NASA’s high-altitude ER-2 research aircraft will be used to study the impact of strong summer storms on the stratosphere. (Jim Ross/NASA)
By Leslie Lee, Texas A&M University College of Geosciences
Texas A&M University researchers will be collecting important atmospheric data from a high-altitude NASA aircraft thanks to recent funding received from NASA’s Earth Venture program.
Dr. Kenneth Bowman, professor in the Department of Atmospheric Sciences at Texas A&M, will lead the $30 million research project on the impact of strong storms on the stratosphere. Dr. Frank Keutsch, professor of engineering and atmospheric science at Harvard University, will be the deputy team leader.
Titled “Dynamics and Chemistry of the Summer Stratosphere,” the project will investigate how strong summertime convective storms over North America can change the chemistry of the stratosphere. This is a large and complex effort, Bowman said, with field deployments scheduled for the summers of 2020 and 2021. A kick-off meeting for the research team will be held at Texas A&M in early 2019.
“Intense thunderstorms regularly penetrate deep into the lower stratosphere, carrying water and pollutants that can change the chemical composition of this important atmospheric layer, potentially affecting stratosphere ozone,” Bowman said.
At Texas A&M, this research will also involve Dr. Anita Rapp, two graduate students, a postdoctoral research scientist, and several undergraduate students.
An additional goal of the study is to better understand aerosol composition in the central U.S.
“Currently the composition and sources of aerosol in this region are very poorly understood, resulting in large uncertainties in their impact on the chemistry and radiative properties of the stratosphere,” Keutsch said. “This study will provide unprecedented insights into this problem.”
Data will be collected across the central U.S., using the NASA ER-2 high-altitude aircraft, with operations based out of Salina, Kansas. The project will also involve data from NASA and National Oceanic and Atmospheric Administration (NOAA) satellites, conventional weather observations and forecast models, and ground-based meteorological radars.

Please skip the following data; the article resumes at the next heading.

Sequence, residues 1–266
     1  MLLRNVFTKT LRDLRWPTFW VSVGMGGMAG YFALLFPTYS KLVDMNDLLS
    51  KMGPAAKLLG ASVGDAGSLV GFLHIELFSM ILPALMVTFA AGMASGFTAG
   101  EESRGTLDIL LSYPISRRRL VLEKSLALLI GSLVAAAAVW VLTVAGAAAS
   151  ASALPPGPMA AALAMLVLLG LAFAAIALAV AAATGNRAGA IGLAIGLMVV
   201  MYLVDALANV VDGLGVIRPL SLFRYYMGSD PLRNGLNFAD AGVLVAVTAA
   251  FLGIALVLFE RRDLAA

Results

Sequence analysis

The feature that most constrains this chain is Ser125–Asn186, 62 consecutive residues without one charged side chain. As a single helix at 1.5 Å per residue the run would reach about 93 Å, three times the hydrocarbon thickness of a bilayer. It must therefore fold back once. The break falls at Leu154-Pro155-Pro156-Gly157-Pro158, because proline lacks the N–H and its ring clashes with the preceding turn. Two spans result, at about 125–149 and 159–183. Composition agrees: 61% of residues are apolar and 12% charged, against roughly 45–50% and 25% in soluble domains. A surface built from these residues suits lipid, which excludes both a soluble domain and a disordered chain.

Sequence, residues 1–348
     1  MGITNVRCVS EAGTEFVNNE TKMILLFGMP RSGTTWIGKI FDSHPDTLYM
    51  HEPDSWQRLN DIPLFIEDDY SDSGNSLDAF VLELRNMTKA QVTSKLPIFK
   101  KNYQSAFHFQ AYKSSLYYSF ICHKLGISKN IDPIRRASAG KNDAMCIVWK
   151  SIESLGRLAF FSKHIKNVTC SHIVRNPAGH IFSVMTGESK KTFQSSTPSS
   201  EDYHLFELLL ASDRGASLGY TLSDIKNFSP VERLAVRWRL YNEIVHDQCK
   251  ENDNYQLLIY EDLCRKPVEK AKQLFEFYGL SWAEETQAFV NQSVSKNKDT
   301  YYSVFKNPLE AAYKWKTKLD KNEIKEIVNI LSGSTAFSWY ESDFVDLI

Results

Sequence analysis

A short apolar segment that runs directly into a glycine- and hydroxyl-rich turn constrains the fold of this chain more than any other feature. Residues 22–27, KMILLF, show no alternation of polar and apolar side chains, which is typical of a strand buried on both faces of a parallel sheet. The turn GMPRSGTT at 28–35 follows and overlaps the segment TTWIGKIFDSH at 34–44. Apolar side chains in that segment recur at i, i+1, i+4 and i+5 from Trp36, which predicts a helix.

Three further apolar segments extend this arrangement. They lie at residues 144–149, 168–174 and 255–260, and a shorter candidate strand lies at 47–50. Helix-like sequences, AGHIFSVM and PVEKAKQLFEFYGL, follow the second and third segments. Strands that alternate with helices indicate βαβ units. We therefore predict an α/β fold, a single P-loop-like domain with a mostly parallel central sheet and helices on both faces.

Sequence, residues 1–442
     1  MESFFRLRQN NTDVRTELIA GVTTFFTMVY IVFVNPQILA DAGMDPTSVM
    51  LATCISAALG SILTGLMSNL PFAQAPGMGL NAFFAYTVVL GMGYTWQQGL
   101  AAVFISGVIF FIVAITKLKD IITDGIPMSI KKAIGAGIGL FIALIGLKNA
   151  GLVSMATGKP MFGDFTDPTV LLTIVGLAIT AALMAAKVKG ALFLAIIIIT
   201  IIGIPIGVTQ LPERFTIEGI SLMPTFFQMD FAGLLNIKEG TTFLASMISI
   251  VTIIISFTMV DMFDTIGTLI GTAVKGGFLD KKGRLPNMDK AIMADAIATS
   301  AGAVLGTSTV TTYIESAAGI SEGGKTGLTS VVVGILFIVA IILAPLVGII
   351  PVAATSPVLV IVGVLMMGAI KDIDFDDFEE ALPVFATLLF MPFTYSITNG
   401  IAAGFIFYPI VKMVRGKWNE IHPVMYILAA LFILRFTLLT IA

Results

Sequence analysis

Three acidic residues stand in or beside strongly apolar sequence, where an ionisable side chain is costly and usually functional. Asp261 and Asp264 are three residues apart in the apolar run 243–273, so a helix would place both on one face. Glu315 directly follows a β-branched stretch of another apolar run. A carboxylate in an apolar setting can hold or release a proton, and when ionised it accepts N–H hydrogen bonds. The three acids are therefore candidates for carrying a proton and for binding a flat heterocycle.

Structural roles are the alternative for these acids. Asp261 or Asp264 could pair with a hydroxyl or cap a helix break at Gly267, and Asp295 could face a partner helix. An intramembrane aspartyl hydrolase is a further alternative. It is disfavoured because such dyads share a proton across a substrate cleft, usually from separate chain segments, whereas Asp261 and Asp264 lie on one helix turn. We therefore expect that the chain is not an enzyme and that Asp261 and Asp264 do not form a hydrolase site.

In addition to researchers from Texas A&M and Harvard, the project team will include university participants from MIT, the Universities of Miami, North Dakota, and Oklahoma, and Texas A&M-Corpus Christi. Government participants will include scientists from NASA’s Ames, Armstrong, Goddard, and Langley research centers, as well as the National Center for Atmospheric Research and NOAA.
This project is one of five new NASA Earth science campaigns that will begin in 2019 to investigate a range of pressing research questions, from what drives intense East Coast snowfall events to the impact of small-scale ocean currents on global climate.
These studies will explore important, but not-well-understood, aspects of Earth system processes and were competitively selected as part of NASA’s Earth Venture-class program.
“Atmospheric levels of harmful ozone-depleting chemicals continue to decrease due to successful limits on their production under international agreements,” Bowman said. “But, important aspects of the dynamics and chemistry of the stratosphere are not well understood. This project will use new approaches to investigate how strong convective storms may potentially impact the global stratosphere.”
“These innovative investigations tackle difficult scientific questions that require detailed, targeted field observations, combined with data collected by our fleet of Earth-observing satellites,” Jack Kaye, associate director for research in NASA’s Earth Science Division in Washington said.
Earth Venture investigations are part of NASA’s Earth System Science Pathfinder program, managed at Langley for the agency’s Science Mission Directorate in Washington. Learn more about NASA’s Earth science activities, and read NASA’s news release about all of the recently funded projects.
Media contact: Leslie Lee, College of Geosciences, (979) 845-0910, firstname.lastname@example.org; or Robyn Blackmon, College of Geosciences, (979) 845-6324, email@example.com.